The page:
This is frustrating because on the one hand of course we want to keep in mind that we are lovely, eligible young ladies any young gentleman would kill to marry. Of course we remember there's a good chance that this second he will drive up in his white convertible (I saw you look out the window just now). Of course we don't want to waste time and money on a career or an endeavor that will plunge us into debt and will defamiliarize ourselves from the home, which, besides being imprudent, makes us horribly ineligible-looking.

On the other hand, how do we know we're not slotted for the miserable state of nonmarriage, either for a few years or eternity?

The problem with this thinking is that it's impossible to know. That really isn't a problem, though, if you think about it, because our primary goal in life isn't marriage. We aren't living our lives for our man. We don't exist purely for his pleasure. We weren't made for the hide-and-seek of looking for him, and vice versa.

Marriage is not the ultimate ministry for a girl. We must realize that. Marriage is not the pinnacle of womanhood. No, that's not some sort of neo-feminist ranting. It's the Biblical principle of rejoicing in our present circumstances.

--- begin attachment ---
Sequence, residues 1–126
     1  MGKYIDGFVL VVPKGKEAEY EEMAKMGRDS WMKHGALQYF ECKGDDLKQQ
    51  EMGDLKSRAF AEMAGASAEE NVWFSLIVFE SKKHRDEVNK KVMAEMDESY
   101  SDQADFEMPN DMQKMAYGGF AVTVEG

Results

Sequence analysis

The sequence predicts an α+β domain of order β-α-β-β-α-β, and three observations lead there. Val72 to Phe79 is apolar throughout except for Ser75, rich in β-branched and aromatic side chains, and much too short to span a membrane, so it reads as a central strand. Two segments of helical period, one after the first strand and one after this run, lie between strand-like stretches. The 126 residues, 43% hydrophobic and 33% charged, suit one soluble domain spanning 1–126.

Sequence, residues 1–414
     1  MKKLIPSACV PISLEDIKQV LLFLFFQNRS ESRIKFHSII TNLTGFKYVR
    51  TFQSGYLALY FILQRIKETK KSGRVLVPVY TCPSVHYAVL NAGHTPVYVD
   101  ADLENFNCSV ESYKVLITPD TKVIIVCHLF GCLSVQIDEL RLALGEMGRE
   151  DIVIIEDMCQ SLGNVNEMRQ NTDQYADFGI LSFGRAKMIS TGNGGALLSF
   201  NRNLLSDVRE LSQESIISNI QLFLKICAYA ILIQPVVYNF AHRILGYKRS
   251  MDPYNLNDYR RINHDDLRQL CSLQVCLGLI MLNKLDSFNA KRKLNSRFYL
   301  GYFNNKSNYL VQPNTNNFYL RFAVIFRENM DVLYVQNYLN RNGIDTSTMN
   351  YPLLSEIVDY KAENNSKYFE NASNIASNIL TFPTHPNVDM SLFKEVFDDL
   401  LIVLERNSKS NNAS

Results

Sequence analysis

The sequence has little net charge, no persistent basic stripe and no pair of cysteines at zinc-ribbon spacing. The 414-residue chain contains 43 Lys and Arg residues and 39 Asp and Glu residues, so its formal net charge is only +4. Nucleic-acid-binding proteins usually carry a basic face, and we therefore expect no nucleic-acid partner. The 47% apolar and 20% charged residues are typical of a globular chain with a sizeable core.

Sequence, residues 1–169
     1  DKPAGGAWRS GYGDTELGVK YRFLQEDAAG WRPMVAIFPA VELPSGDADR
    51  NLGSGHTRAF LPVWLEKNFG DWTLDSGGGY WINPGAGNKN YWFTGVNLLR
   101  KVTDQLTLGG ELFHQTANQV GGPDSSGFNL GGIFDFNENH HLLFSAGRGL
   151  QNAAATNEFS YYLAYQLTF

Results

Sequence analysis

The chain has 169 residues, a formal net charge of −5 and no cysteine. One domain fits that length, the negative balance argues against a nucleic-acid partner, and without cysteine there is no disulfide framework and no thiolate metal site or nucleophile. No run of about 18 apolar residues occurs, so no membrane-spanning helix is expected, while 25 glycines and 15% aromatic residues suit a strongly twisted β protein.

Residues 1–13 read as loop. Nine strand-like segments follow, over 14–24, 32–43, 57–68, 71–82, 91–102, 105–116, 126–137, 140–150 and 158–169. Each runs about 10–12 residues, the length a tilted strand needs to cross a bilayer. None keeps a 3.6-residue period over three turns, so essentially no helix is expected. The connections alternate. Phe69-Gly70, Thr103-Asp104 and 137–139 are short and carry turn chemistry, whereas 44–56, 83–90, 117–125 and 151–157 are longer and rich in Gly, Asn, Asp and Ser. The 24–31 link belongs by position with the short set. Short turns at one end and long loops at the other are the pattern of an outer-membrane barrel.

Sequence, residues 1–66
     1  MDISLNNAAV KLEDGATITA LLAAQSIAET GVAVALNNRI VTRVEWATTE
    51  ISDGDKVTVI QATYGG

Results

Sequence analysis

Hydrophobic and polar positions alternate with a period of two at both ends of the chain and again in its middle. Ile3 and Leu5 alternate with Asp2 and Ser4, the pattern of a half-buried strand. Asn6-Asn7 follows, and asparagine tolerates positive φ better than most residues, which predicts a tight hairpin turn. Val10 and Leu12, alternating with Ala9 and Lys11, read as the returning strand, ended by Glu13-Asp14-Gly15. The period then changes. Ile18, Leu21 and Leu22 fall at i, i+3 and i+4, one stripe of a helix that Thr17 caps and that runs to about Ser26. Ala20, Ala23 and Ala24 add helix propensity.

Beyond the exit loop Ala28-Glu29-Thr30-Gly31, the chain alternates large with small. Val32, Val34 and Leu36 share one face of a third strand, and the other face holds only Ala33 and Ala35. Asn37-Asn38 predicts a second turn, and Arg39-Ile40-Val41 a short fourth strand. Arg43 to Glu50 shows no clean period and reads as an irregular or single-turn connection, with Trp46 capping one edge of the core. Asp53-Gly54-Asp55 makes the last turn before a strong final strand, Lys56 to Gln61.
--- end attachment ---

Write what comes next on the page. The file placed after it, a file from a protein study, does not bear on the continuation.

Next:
Right now, we are not married. We are not our husband's wife currently - I think there's some danger in promoting purity on the virtue of Proverbs 31:12, though we do our future husbands good by living apart to Christ. We don't make decisions based on eligibility increase or the worry of whether we might miss him completely. We make decisions based on the will of God alone.

Is it wrong to desire marriage? I don't think so - we are to desire good gifts and it's certainly acceptable to petition for them, in faith, with the outcome being God's glory. Is it wrong to worry about the fact that you're {fill in the blank} years old and not married? Is it wrong for well-meaning older women to set up their younger sisters in Christ because they have no prospects, poor dears? Yes. If you're too busy worrying about serving the Lord in the future then you're not worried enough about serving the Lord now.

Whether we marry and when we marry is not up to us. We don't get to decide whether our potential is best used inside marriage or out of it. Our concern should not be promoting a desire of marriage, in ourselves or others, but promoting a desire to serve the Lord...which is a discipline very much useful whatever one's status with Mr. Ashley Newton is.

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18 impressions

  1. I got to the part where I was asked to look away. Is there some part in which I can look back.

    I like to call myself contrary because unlike most people I have dreamed of being happily married. I guess I never thought about the wedding but just the idea of having a human being that you can trust with others' lives. Not necessarily your own because that would be too easy.

  2. LOL! You can look back now at whatever you like as long as you make no comment on the strangeness of females. ;o)